The issue is two-sided; securing a lease in the off-campus housing market has been a scramble not just for students, but for the BIMF’s organizers as well. Off-campus students looking to live in Brunswick for the summer have taken away once-reliable housing options for BIMF faculty.

“We certainly rely on repeat landlords, that makes our job a lot easier, particularly if a landlord and individual faculty member can form a relationship. Some faculty are staying in the same place for five to ten years, every year, which is great and makes it a lot easier for them and for us,” Executive Director of the BIMF Daniel Nitsch said in a phone interview with the Orient. “We waited longer than usual to make a decision for the summer, and some of these repeat landlords had already moved on and wanted to book their place and gave it to someone else for the summer, so we lost out on that. Hopefully, that’s just a one-year dip and next year we’ll be able to get these faculty back into their usual places.”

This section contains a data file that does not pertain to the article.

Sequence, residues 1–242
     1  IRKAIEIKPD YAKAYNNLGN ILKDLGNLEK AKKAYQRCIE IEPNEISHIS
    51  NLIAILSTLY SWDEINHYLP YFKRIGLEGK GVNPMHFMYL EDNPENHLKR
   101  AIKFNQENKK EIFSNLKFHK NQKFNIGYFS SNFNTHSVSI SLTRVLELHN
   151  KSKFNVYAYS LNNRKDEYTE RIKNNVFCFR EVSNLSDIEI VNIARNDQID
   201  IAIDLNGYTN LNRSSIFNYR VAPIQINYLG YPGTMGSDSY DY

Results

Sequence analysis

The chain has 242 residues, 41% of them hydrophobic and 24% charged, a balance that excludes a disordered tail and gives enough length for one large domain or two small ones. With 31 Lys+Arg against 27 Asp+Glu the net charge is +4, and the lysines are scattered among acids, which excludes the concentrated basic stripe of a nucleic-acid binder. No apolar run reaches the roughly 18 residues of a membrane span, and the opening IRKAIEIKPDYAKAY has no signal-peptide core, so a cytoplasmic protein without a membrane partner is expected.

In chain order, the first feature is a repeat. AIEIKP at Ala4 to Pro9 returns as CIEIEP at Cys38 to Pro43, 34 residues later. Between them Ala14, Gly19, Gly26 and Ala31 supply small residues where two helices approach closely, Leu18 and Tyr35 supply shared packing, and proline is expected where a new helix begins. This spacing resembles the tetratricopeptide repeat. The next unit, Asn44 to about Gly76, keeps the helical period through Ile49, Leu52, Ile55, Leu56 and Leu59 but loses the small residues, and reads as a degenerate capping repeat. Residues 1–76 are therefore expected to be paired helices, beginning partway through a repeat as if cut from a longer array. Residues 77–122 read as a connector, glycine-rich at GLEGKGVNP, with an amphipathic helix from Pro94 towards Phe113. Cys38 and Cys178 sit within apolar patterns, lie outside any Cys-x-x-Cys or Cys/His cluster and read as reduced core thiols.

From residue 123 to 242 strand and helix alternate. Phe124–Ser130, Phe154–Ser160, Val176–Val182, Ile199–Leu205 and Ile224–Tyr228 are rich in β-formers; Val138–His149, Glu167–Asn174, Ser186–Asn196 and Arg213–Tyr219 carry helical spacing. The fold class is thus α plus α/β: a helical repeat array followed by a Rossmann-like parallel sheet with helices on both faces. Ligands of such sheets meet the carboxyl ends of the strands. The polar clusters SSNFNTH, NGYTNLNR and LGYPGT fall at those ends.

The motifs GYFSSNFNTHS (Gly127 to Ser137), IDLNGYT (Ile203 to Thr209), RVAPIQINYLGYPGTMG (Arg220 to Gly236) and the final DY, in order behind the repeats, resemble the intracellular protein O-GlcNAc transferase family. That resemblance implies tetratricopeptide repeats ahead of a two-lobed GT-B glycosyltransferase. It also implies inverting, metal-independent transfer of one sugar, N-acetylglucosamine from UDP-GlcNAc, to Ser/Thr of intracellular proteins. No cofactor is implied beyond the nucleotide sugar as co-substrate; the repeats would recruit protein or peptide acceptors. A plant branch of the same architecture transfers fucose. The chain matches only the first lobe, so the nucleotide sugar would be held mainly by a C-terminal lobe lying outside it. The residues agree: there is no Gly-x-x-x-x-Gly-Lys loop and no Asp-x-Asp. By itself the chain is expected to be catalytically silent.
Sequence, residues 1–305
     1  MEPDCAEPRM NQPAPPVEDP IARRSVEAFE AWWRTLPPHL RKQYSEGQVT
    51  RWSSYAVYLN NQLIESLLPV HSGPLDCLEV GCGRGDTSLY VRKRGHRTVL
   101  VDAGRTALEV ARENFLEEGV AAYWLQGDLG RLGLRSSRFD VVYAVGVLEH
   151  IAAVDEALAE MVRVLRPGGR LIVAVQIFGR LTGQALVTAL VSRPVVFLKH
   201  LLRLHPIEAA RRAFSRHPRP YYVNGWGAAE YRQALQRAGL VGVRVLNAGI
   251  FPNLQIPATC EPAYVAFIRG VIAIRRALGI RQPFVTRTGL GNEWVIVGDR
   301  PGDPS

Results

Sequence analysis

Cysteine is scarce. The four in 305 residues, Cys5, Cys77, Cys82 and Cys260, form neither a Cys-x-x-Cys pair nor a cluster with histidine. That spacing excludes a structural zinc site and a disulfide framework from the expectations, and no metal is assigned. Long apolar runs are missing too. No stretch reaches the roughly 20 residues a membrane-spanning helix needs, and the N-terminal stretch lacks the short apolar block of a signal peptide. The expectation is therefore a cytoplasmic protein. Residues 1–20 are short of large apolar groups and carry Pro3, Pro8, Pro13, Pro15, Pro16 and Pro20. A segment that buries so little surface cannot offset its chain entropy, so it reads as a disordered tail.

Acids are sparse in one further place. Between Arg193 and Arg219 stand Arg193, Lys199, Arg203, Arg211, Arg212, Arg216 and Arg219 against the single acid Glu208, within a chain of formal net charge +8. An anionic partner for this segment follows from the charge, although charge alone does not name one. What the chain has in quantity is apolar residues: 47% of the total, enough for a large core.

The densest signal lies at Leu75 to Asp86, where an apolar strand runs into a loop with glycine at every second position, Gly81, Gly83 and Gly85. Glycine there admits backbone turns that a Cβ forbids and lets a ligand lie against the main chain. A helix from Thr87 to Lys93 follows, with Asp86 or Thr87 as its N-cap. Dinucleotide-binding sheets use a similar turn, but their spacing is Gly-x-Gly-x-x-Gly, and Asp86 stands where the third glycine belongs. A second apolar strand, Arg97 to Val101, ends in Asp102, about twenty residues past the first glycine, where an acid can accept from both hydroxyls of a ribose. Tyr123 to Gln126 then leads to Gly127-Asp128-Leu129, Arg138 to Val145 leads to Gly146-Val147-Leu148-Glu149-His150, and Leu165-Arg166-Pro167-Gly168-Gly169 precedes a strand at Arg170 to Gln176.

Further, the festival’s organizers weren’t able to confirm that it would be held in person until a month ago, meaning faculty have also been pressured to find convenient housing in a shortened time frame.

“We weren’t positive we were even going to have an in-person festival until early April when we made the final decision,” said Nitsch. “Usually we have much more lead time, but this year, because we were waiting to see how vaccination was going and the state of COVID-19, we waited to get as close to the summer as we could. We had to wait a bit, which made housing more challenging. We had to scramble and see what was available in the last few months before the summer season.”